12. EA-225 Split Rock Energy LLC | Department of Energy

    Office of Environmental Management (EM)

    AFDC Printable Version Share this resource Send a link to EERE: Alternative Fuels Data Center Home Page to someone by E-mail Share EERE: Alternative Fuels Data Center Home Page on Facebook Tweet about EERE: Alternative Fuels Data Center Home Page on Twitter Bookmark EERE: Alternative1 First Use of Energy for All Purposes (Fuel and Nonfuel), 2002; Level: National5Sales for4,645 3,625 1,006 492 742 33 1112011AT&T,Office of Policy,Policy5-FEB. 15,5:Plant, Amarillo, TexasEA-216 TransAlta20-C

  13. Towards a Design of a Complete Solar Water Splitting System

    Broader source: All U.S. Department of Energy (DOE) Office Webpages (Extended Search)

    AFDC Printable Version Share this resource Send a link to EERE: Alternative Fuels Data Center Home Page to someone by E-mail Share EERE: Alternative Fuels Data Center Home Page on Facebook Tweet about EERE: Alternative Fuels Data Center Home Page on Twitter Bookmark EERE: Alternative1 First Use of Energy for All Purposes (Fuel and Nonfuel), 2002; Level: National5Sales for4,645U.S. DOE Office of ScienceandMesa del SolStrengthening a solidSynthesisAppliances » TopTours Sign InTowards HeavyTowards

  14. Two Electron Holes in Hematite Facilitate Water Splitting

    Broader source: All U.S. Department of Energy (DOE) Office Webpages (Extended Search)

    AFDC Printable Version Share this resource Send a link to EERE: Alternative Fuels Data Center Home Page to someone by E-mail Share EERE: Alternative Fuels Data Center Home Page on Facebook Tweet about EERE: Alternative Fuels Data Center Home Page on Twitter Bookmark EERE: Alternative1 First Use of Energy for All Purposes (Fuel and Nonfuel), 2002; Level: National5Sales for4,645U.S. DOE Office of ScienceandMesa del SolStrengthening aTurbulence may be key to "fastTwist Solves BilayerThe

  15. Two Electron Holes in Hematite Facilitate Water Splitting

    Broader source: All U.S. Department of Energy (DOE) Office Webpages (Extended Search)

    AFDC Printable Version Share this resource Send a link to EERE: Alternative Fuels Data Center Home Page to someone by E-mail Share EERE: Alternative Fuels Data Center Home Page on Facebook Tweet about EERE: Alternative Fuels Data Center Home Page on Twitter Bookmark EERE: Alternative1 First Use of Energy for All Purposes (Fuel and Nonfuel), 2002; Level: National5Sales for4,645U.S. DOE Office of ScienceandMesa del SolStrengthening aTurbulence may be key to "fastTwist Solves BilayerTheTwo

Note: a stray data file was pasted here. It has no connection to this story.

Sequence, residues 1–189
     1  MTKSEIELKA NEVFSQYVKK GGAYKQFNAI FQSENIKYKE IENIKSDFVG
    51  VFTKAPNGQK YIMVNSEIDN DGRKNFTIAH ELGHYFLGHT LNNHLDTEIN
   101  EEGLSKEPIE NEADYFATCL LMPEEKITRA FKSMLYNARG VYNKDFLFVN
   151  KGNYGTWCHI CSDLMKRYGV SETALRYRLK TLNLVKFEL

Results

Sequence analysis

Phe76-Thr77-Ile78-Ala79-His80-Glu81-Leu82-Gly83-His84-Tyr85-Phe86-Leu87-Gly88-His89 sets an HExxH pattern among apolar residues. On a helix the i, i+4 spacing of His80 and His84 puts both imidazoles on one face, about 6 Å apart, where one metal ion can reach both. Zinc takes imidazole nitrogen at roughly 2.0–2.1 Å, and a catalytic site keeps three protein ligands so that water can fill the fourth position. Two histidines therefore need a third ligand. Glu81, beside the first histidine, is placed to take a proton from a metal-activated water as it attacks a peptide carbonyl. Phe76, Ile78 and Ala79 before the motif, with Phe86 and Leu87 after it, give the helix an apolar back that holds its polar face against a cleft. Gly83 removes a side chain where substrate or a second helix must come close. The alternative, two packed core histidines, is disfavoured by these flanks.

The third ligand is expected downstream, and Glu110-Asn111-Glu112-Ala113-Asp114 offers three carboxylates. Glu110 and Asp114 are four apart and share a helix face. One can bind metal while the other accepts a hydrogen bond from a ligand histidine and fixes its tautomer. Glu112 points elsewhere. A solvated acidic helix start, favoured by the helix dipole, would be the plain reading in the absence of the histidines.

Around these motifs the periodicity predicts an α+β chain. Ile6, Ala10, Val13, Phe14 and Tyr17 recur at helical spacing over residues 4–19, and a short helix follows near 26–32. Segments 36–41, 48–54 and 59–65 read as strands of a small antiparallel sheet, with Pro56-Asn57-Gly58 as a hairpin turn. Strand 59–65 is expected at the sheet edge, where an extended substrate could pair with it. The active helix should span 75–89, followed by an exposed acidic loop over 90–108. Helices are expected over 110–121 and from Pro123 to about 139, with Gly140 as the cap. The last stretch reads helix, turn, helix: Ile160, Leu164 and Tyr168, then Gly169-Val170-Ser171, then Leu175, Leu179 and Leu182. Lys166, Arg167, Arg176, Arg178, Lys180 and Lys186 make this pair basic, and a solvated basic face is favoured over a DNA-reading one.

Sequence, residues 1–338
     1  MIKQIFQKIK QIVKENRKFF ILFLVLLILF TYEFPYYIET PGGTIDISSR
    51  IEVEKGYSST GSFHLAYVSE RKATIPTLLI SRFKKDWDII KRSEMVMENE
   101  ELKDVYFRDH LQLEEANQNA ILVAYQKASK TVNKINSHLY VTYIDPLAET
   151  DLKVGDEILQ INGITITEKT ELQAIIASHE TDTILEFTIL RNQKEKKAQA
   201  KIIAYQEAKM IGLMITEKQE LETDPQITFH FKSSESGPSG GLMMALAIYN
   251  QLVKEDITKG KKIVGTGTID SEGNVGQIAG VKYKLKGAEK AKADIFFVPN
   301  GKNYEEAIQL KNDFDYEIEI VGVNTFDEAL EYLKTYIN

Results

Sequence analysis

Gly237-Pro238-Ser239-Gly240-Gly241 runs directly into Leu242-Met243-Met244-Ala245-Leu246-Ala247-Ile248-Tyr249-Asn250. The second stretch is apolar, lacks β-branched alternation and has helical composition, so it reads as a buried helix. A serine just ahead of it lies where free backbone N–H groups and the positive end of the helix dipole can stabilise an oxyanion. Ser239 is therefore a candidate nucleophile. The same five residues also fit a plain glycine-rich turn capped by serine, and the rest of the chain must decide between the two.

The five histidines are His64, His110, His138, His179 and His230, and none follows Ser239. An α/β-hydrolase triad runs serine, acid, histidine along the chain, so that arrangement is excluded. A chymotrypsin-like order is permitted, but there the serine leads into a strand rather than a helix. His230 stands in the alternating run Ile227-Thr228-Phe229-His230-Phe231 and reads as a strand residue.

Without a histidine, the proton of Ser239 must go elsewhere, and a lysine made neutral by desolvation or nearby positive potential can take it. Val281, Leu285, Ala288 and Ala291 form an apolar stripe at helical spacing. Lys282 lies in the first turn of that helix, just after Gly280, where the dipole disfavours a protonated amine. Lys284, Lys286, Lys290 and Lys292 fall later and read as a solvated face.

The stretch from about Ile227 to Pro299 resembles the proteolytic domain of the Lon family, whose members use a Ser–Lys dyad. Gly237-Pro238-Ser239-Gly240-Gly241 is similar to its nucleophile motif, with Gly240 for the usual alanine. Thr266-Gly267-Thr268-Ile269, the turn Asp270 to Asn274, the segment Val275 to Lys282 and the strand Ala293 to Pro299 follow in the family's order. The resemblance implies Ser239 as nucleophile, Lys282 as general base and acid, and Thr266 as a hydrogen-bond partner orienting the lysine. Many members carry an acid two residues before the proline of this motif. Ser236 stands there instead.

16. Distributed Reforming of Renewable Liquids via Water Splitting using Oxygen

    Office of Energy Efficiency and Renewable Energy (EERE) Indexed Site

    AFDC Printable Version Share this resource Send a link to EERE: Alternative Fuels Data Center Home Page to someone by E-mail Share EERE: Alternative Fuels Data Center Home Page on Facebook Tweet about EERE: Alternative Fuels Data Center Home Page on Twitter Bookmark EERE: Alternative Fuels Data Center Home Page on Google Bookmark EERE: Alternative Fuels DataDepartment of Energy Your Density Isn't Your Destiny:Revised Finding of No53197E T ADRAFTJanuary 2004 | DepartmentJanuary 2004Report

  17. EA-225 Split Rock Energy LLC | Department of Energy

    Broader source: Energy.gov (indexed) [DOE]

    AFDC Printable Version Share this resource Send a link to EERE: Alternative Fuels Data Center Home Page to someone by E-mail Share EERE: Alternative Fuels Data Center Home Page on Facebook Tweet about EERE: Alternative Fuels Data Center Home Page on Twitter Bookmark EERE: Alternative1 First Use of Energy for All Purposes (Fuel and Nonfuel), 2002; Level: National5Sales for4,645 3,625 1,006 492 742Energy China 2015 Business42.1Energy |Final Site-WideBPAPower Marketing, Inc to export-A CMSSplit

  18. White Papers on Materials for Photoelectrochemical Water Splitting |

    Office of Energy Efficiency and Renewable Energy (EERE) Indexed Site

    AFDC Printable Version Share this resource Send a link to EERE: Alternative Fuels Data Center Home Page to someone by E-mail Share EERE: Alternative Fuels Data Center Home Page on Facebook Tweet about EERE: Alternative Fuels Data Center Home Page on Twitter Bookmark EERE: Alternative Fuels Data Center Home Page on Google Bookmark EERE: Alternative Fuels DataDepartment of Energy Your DensityEnergy U.S.-China Electric VehicleCenters | Department ofofto PurchaseApril 16,

  19. DOE's Gasoline/Diesel PM Split Study | Department of Energy

    Office of Energy Efficiency and Renewable Energy (EERE) Indexed Site

    AFDC Printable Version Share this resource Send a link to EERE: Alternative Fuels Data Center Home Page to someone by E-mail Share EERE: Alternative Fuels Data Center Home Page on Facebook Tweet about EERE: Alternative Fuels Data Center Home Page on Twitter Bookmark EERE: Alternative Fuels Data Center Home Page on Google Bookmark EERE: Alternative Fuels Data Center Home Page onYouTube YouTube Note: Since the YouTube| Department ofDepartment ofU.S. Universities |Projects inReserveEntrepreneur4

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    Office of Energy Efficiency and Renewable Energy (EERE) Indexed Site

    AFDC Printable Version Share this resource Send a link to EERE: Alternative Fuels Data Center Home Page to someone by E-mail Share EERE: Alternative Fuels Data Center Home Page on Facebook Tweet about EERE: Alternative Fuels Data Center Home Page on Twitter Bookmark EERE: Alternative Fuels Data Center Home Page on Google Bookmark EERE: Alternative Fuels Data Center Home Page onYouTube YouTube Note: Since the YouTube| Department ofDepartment ofU.S. Universities |Projects inReserveEntrepreneur43